legislation designed to improve the rights of employees on fixed-term
contracts, including pay and pension entitlements, could open the floodgates
for workplace disputes.
is the view of law firm Eversheds which claims the Fixed Term Work EU Directive,
due to come into force in the UK by 10 July, is vague and open to different
Aarons, employment specialist at Eversheds, said: "Although the
Government’s stated desire is to reduce the workload of the already over-burdened
Employment Tribunals, costly litigation caused by a
of understanding of what the new draft regulations require becomes inevitable."
said the directive states that fixed term workers should be treated the same as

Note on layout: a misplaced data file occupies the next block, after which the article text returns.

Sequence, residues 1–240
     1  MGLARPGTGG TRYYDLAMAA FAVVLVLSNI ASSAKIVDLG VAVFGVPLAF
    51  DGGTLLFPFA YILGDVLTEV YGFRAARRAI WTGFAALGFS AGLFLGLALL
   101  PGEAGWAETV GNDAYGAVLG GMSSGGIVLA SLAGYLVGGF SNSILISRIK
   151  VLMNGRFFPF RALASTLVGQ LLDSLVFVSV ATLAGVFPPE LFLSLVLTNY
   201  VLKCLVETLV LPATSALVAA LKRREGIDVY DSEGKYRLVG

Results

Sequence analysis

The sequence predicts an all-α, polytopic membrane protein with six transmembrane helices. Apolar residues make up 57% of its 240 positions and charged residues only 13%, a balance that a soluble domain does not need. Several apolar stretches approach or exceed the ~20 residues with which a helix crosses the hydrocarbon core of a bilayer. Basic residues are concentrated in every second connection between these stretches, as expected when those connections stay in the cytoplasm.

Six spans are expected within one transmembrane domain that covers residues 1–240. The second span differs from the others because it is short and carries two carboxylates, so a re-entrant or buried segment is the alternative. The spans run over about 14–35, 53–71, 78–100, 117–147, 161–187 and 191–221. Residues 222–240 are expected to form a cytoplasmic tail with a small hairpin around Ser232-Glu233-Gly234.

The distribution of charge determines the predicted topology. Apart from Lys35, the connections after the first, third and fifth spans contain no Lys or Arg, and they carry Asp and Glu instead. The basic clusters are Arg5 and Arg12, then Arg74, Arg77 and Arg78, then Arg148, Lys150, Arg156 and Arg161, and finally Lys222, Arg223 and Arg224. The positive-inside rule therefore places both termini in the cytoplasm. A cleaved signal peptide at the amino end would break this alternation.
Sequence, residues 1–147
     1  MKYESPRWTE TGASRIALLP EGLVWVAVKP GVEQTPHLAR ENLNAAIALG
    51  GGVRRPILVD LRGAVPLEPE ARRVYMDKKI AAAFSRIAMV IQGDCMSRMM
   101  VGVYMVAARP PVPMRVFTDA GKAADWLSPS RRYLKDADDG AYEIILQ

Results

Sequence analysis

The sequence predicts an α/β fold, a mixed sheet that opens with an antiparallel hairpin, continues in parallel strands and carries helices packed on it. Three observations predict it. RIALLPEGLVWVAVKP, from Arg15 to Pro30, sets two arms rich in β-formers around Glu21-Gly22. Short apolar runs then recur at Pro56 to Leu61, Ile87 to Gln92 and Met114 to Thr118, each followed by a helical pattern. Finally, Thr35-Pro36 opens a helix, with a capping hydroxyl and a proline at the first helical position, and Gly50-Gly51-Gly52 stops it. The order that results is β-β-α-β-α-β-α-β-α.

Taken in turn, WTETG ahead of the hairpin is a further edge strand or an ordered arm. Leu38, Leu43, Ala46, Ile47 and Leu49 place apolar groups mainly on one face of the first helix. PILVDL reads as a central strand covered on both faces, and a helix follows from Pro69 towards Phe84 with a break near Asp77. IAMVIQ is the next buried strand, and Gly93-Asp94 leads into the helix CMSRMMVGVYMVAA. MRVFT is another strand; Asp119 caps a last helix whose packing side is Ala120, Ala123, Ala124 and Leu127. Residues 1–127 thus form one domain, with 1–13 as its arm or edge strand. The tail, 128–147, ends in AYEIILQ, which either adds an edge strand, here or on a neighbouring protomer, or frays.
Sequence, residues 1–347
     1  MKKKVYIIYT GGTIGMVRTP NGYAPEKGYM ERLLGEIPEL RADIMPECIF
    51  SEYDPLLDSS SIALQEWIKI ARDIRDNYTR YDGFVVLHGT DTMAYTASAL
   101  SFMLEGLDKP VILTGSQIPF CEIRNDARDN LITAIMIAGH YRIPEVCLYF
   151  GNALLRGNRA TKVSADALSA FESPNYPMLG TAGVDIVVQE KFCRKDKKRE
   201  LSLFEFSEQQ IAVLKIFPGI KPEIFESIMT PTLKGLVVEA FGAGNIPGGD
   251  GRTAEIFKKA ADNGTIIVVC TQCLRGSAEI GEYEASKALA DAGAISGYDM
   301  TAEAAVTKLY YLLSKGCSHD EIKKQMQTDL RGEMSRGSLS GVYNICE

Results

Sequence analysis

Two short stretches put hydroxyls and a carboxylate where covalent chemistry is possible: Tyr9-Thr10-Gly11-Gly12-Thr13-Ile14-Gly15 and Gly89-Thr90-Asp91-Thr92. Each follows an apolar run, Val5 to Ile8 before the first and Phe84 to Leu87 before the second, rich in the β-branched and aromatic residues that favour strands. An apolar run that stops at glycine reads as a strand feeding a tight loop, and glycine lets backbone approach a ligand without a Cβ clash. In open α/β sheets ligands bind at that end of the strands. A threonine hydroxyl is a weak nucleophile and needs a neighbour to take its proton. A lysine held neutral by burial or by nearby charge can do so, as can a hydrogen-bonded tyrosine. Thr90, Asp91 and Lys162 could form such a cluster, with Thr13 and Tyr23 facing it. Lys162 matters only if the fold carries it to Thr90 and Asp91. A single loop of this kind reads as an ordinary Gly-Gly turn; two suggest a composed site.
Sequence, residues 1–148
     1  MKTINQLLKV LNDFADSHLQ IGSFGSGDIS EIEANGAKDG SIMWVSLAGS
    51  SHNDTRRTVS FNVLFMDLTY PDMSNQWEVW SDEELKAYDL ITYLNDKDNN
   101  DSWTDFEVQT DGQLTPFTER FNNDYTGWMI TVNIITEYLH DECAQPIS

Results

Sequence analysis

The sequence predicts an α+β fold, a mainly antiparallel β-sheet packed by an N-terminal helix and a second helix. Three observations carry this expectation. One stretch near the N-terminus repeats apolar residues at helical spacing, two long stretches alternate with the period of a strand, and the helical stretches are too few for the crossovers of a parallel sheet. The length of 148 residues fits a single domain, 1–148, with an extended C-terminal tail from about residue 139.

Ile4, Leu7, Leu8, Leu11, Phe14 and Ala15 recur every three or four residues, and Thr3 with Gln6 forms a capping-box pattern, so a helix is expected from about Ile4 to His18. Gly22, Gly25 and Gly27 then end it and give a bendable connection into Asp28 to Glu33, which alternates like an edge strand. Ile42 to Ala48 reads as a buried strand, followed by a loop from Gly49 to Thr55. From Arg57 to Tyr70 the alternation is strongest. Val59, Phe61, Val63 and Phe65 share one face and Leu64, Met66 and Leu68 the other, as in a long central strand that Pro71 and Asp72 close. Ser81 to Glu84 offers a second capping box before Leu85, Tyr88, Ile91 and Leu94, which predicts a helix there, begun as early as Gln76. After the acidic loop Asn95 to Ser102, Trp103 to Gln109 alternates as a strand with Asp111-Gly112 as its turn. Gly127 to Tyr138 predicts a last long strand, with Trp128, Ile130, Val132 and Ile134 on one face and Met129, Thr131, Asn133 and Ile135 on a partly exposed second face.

permanent employees ‘where appropriate’ but does not clarify this.
added: "Whenever there are uncertainties in employment legislation,
managers whose job it is to decide how to apply the rules in their individual
workplaces are put in an impossible position."
said the legislation is also not clear over whether employers will have to
provide pension benefits to cover past service by fixed term workers.
the case of a contributory pension scheme, would employees have to make
payments to cover past service and, again, how could these contributions be
made given Inland Revenue limits? There are a lot of questions still to be
answered," said Aarons.